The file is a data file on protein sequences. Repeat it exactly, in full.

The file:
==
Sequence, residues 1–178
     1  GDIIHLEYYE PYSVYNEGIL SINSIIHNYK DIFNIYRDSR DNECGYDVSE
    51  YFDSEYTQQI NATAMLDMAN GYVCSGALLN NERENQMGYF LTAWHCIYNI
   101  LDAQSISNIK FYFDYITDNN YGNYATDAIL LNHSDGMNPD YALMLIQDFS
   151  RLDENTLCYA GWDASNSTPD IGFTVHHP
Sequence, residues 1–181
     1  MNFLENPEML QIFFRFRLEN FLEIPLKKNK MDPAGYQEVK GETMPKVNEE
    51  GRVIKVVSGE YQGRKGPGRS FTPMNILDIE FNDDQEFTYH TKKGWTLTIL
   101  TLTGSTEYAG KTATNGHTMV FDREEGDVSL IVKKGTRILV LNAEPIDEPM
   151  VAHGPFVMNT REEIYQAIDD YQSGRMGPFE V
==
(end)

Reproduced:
Sequence, residues 1–178
     1  GDIIHLEYYE PYSVYNEGIL SINSIIHNYK DIFNIYRDSR DNECGYDVSE
    51  YFDSEYTQQI NATAMLDMAN GYVCSGALLN NERENQMGYF LTAWHCIYNI
   101  LDAQSISNIK FYFDYITDNN YGNYATDAIL LNHSDGMNPD YALMLIQDFS
   151  RLDENTLCYA GWDASNSTPD IGFTVHHP
Sequence, residues 1–181
     1  MNFLENPEML QIFFRFRLEN FLEIPLKKNK MDPAGYQEVK GETMPKVNEE
    51  GRVIKVVSGE YQGRKGPGRS FTPMNILDIE FNDDQEFTYH TKKGWTLTIL
   101  TLTGSTEYAG KTATNGHTMV FDREEGDVSL IVKKGTRILV LNAEPIDEPM
   151  VAHGPFVMNT REEIYQAIDD YQSGRMGPFE V